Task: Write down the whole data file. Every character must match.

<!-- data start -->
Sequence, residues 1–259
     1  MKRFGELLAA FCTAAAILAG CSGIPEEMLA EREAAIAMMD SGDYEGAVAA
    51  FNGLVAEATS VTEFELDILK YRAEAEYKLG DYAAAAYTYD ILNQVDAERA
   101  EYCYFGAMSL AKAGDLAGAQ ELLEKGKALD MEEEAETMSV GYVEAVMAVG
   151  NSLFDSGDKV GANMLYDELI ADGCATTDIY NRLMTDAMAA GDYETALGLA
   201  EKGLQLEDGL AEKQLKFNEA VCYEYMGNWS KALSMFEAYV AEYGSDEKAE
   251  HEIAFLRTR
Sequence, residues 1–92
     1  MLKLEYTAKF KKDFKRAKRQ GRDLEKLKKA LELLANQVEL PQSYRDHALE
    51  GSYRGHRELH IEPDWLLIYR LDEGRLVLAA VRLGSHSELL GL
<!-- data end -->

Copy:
Sequence, residues 1–259
     1  MKRFGELLAA FCTAAAILAG CSGIPEEMLA EREAAIAMMD SGDYEGAVAA
    51  FNGLVAEATS VTEFELDILK YRAEAEYKLG DYAAAAYTYD ILNQVDAERA
   101  EYCYFGAMSL AKAGDLAGAQ ELLEKGKALD MEEEAETMSV GYVEAVMAVG
   151  NSLFDSGDKV GANMLYDELI ADGCATTDIY NRLMTDAMAA GDYETALGLA
   201  EKGLQLEDGL AEKQLKFNEA VCYEYMGNWS KALSMFEAYV AEYGSDEKAE
   251  HEIAFLRTR
Sequence, residues 1–92
     1  MLKLEYTAKF KKDFKRAKRQ GRDLEKLKKA LELLANQVEL PQSYRDHALE
    51  GSYRGHRELH IEPDWLLIYR LDEGRLVLAA VRLGSHSELL GL